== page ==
Ticket Prices

The cheapest Category C or standard pricing tickets vary between £10 and £16. Sometimes admission will be for all enclosures but when the one enclosure policy isn’t in force, access to the Premier Enclosure will cost £21.

Category B tickets can be purchased from as little as £10 for early bid special tickets but normally it’s around £16 for Grandstand & Paddock Enclosure entry, £21 for Premier Enclosure entry and £25 if only a ‘one enclosure’ ticket is offered. 

Category A fixtures are rare but for these special events Grandstand & Paddock entry is £30 and Premier Enclosure entry is £40. The prices mentioned above are advanced prices, most of which are £3 cheaper than on the day. Students, senior citizens and disabled racegoers can get £4 off tickets on the gate however. All advance bookings come with a £2.50 booking fee.


An annual badge for anyone aged 18-24 costs £175 and it’s £315 for adults older than 24. These memberships cover the 60+ fixtures at Newcastle but for those of you just interested in the jump racing, jump only membership can be purchased for £130.

There are plenty of perks to being a member: 38 reciprocal fixtures and a free Durham County Cricket Club match, access to a private bar, discounted meals at the Border Minstrel, as well as other special offers and promotions.

Getting There

The course is a simple place to drive to, based a very short distance from the A1. Getting to the course via other forms of transportation can require a bit more planning. Regular trains run to Newcastle city centre and from here you need to catch the metro to Regent Centre or Four Lane Ends.

From both these stops, a complimentary bus service that starts operating around 90 minutes before the first race will collect you. Alternatively, you can catch buses 40, 41,42,43,44 & 45 from Haymarket bus station in the city centre but these buses are not free of charge.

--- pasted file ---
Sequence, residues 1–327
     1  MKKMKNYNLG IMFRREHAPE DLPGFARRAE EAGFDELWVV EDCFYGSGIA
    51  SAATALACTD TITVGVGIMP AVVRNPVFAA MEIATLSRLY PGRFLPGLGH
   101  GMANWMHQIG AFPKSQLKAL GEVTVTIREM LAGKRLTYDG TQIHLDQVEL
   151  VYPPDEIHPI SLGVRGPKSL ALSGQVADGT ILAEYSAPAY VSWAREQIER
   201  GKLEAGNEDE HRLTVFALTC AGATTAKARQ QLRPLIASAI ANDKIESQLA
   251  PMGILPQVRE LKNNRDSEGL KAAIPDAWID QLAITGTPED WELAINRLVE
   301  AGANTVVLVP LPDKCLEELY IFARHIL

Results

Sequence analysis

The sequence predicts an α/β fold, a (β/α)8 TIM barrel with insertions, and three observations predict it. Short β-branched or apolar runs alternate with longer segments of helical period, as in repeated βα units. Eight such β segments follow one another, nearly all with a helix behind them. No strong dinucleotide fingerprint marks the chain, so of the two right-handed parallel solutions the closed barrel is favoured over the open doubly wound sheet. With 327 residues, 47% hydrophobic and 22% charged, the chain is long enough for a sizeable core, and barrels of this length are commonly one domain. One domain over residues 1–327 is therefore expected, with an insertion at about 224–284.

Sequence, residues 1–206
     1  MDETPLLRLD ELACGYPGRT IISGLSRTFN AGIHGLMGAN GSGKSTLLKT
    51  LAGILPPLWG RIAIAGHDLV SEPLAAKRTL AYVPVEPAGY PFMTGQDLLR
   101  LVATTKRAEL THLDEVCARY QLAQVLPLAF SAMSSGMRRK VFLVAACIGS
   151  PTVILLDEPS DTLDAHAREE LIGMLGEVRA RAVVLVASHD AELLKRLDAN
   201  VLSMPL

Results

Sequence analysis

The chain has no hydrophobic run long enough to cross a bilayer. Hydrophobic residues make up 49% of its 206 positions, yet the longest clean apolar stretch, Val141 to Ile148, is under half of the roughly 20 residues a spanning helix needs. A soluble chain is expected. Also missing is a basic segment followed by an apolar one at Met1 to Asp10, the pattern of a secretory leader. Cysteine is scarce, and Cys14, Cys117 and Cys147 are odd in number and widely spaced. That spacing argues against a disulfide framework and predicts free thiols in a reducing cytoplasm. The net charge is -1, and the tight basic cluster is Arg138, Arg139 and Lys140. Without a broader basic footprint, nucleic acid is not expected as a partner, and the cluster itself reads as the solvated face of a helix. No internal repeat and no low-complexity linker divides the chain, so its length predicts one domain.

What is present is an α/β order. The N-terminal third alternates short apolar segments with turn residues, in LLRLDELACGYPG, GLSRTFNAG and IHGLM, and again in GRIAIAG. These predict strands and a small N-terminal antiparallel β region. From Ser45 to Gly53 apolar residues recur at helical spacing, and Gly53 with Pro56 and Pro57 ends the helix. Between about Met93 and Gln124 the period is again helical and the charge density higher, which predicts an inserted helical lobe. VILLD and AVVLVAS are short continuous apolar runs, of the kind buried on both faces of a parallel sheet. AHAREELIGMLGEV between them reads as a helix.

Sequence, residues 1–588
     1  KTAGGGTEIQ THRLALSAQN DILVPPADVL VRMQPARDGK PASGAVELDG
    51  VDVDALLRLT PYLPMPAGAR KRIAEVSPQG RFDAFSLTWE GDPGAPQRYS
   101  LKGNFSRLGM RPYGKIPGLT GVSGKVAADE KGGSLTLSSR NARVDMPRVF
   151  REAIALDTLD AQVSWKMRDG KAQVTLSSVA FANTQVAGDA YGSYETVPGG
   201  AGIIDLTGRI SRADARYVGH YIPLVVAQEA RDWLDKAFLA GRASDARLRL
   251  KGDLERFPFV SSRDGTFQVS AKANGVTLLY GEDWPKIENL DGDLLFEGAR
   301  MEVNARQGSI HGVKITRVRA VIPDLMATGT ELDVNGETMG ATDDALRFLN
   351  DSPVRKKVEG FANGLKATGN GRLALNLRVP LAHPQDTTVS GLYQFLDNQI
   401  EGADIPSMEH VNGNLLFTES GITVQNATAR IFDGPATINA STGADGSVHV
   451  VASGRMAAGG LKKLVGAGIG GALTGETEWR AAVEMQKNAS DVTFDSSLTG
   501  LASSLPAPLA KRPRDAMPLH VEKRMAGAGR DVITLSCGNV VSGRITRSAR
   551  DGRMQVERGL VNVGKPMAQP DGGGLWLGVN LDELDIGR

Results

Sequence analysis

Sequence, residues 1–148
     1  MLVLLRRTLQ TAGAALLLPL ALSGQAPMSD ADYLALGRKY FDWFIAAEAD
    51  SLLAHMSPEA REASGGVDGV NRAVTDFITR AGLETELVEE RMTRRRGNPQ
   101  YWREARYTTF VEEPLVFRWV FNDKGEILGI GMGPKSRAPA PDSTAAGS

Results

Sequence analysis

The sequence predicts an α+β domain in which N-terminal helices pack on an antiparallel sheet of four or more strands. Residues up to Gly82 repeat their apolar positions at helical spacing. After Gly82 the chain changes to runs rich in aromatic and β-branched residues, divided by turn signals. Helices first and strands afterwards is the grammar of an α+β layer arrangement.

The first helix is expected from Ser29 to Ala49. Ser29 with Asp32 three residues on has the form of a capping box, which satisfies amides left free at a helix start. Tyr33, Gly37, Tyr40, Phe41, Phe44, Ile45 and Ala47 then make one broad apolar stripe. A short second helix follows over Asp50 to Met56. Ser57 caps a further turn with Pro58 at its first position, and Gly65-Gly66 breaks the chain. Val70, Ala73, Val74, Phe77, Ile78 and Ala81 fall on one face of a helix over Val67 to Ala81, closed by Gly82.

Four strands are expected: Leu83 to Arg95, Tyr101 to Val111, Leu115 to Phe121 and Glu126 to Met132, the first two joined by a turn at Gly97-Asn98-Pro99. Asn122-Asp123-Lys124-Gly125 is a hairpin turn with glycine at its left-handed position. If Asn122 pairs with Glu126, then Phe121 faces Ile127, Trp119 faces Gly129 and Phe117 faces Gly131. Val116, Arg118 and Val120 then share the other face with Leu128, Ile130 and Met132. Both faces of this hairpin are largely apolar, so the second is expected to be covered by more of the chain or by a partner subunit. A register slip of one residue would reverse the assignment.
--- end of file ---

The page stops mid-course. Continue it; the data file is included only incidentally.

Plenty of free parking is available close to the course.


Entrance to Newcastle Racecourse
Entrance to Newcastle Racecourse (Bill Henderson /

Horse racing has existed, in various forms in the North East for around 350 years. Earliest records have Killingworth as the location but it was the Town Moor that hosted the first recorded Northumberland Plate in 1833. The famous event took place here until 1881 when it was moved to its current home in High Gosforth Park.

The new home was made possible because the Brandling Estate and its 805 acres of land had been bought out for £60k. Those who invested in the course did so partly because of a desire to promote the sport and partly to get a return on their investment. Both a flat and chase course were set up in time for the opening meeting and the many stables that were built could accommodate 100 horses.


The Estate continued to receive further development over the years and eventually a nature reserve, a Scout Camp and the Parklands and Northumberland Golf Clubs were set up there. It was the racecourse that needed the investment by the early 1990s however as facilities were looking worn and out-dated.

The much needed financial injection came when Northern Racing purchased the course in 1994. Over the next decade, £11 million was spent on the course, including  new stands, the parade ring and the straight mile track.